Prior makeup application will show you which red areas are hidden by a single layer of makeup and which ones need a little extra help. In other words, applying your foundation first will stop you from applying too much product.
There's no complicated layering or product mixing. Simply apply the green color-correcting product to the red area after foundation, and then put a regular concealer on top. Easy peasy.
Shop Our Favorite Green Concealers
As for Rebecca's favorite green color-correctors, she recommends CoverFX's Green Correct Click, which is a highly pigmented and ultra-blendable cream stick formula. Since it's a stick and not a wand, you have more control over how much you use, which is great if you're a first-timer worried about looking like the Hulk.
She also likes Urban Decay's Naked Skin Color Correcting Fluid, which, in our experience, is super easy to apply in precise and targeted strokes thanks to the doe-foot applicator. Each of the color correctors is infused with vitamins E and C to condition and protect the skin.
Using a buildable foundation can help control how much coverage you use—you don't want too much foundation to look like you're trying to cover something up, but you also want a foundation that will cover up the green concealer shade.
This budget-friendly liquid concealer offers medium to full coverage, depending on how sheer you blend it, (which, in all transparency, can take a little time and elbow grease). The result is worth it, though. After we applied a skin-matching concealer over it, all redness was minimized.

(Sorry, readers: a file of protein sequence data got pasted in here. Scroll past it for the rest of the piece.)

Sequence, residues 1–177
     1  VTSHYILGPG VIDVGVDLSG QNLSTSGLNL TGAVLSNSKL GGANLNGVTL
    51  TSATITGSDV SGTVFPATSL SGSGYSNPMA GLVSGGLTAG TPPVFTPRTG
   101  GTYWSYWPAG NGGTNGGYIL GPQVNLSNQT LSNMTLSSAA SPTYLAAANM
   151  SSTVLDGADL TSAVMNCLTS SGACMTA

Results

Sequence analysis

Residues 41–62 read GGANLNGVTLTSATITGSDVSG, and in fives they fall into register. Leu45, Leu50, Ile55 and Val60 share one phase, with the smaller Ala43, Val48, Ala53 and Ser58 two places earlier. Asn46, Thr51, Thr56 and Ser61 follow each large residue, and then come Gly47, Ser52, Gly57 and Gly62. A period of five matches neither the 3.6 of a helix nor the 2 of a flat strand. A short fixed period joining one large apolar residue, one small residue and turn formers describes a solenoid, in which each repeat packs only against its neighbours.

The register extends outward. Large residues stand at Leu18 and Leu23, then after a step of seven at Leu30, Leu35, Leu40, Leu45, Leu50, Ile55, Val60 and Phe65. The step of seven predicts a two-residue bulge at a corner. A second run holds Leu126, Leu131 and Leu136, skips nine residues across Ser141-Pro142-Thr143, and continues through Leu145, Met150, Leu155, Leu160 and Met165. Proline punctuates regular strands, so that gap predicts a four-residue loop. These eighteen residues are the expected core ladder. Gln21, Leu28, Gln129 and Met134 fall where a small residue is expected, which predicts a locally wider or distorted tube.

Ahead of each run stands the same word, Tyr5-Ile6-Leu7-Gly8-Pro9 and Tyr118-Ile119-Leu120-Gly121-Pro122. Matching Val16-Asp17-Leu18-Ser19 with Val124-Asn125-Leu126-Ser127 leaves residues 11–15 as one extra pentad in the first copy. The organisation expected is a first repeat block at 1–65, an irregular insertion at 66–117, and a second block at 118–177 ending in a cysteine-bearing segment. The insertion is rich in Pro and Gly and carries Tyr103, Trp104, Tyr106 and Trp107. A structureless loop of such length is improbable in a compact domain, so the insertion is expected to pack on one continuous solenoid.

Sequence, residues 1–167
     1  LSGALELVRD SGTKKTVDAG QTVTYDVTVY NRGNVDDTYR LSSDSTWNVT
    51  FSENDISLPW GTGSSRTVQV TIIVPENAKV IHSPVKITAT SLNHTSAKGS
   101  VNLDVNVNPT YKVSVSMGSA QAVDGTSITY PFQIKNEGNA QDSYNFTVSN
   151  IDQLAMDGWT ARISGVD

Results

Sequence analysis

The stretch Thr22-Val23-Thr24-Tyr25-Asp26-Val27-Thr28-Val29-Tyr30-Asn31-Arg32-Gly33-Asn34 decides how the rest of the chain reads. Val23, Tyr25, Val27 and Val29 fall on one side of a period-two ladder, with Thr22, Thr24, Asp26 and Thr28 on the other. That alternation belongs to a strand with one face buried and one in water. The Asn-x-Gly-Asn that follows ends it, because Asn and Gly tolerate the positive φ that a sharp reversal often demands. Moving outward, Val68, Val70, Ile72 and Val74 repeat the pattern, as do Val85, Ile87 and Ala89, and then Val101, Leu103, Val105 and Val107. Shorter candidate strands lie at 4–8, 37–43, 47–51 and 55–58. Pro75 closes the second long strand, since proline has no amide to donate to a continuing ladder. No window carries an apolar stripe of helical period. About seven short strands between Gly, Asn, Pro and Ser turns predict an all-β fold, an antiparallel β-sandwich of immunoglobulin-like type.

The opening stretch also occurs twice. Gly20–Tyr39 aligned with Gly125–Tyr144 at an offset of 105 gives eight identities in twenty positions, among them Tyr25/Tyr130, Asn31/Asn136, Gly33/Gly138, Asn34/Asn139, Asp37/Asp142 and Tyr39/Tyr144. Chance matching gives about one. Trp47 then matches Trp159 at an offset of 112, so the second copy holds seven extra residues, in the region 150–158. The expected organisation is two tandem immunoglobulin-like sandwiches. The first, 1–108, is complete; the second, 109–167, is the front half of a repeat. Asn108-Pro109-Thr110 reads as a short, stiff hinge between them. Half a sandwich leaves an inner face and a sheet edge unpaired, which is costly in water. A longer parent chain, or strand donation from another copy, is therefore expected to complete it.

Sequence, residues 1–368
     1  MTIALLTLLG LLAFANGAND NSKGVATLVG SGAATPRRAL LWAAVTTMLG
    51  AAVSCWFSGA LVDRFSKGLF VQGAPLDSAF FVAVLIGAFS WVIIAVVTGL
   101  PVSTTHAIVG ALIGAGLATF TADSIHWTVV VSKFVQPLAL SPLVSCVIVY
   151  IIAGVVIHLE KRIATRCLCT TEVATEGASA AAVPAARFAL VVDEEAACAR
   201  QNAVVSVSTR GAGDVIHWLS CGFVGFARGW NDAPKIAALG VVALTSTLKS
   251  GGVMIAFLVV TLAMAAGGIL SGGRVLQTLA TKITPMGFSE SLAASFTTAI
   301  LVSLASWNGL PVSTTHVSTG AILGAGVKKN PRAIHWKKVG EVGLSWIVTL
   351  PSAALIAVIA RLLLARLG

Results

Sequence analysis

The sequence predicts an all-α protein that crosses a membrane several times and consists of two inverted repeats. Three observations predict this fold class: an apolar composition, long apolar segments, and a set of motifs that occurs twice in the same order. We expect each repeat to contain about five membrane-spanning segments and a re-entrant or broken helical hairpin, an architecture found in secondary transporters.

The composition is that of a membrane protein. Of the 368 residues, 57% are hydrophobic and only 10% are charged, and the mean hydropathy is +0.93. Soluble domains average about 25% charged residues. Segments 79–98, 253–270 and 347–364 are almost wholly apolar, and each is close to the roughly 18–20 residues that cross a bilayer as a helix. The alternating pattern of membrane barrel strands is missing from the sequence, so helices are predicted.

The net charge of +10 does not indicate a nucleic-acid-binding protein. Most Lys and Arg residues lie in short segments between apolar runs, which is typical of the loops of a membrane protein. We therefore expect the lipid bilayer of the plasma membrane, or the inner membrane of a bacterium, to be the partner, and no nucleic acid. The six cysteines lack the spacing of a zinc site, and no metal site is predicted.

L.A. Girl is responsible for another drugstore green concealer that works as well as high-end options. It's crease-resistant, too, which means it won't settle into any fine lines around the nose, mouth, and forehead (three common places for redness). Ulta customers say it's drier than other formulas on the market, but once it sets, it lasts all day.
Most color-correcting products require a separate blending tool, whether that's a beauty sponge, brush, or (let's be honest) your fingers. This one is unique in that it comes with an attached blending tip. While it might not totally erase redness, it will reduce the appearance of it substantially.
This K-beauty redness corrector is a cream that contains Centella Asiatica, a medicinal herb traditionally used to expedite wound healing and soothe irritation. It also has sodium, potassium, calcium, and magnesium to boost moisture levels and radiance.
"One of the products I swear by for correcting my chronic redness is this green concealer stick from E.l.f. Cosmetics. It's only $4 and lasts for months, which means I don't feel bad about applying it wherever I need to," says Rebecca. "In other words, it's not an expensive product that I feel like I have to conserve for special occasions. It's a daily go-to."
For something that goes beyond makeup, try using this Stila three-in-one primer, serum, and color corrector. Green is mixed with lavender (which corrects dullness) and peach (which brightens). It's meant to be applied post-cleanser and pre-makeup application.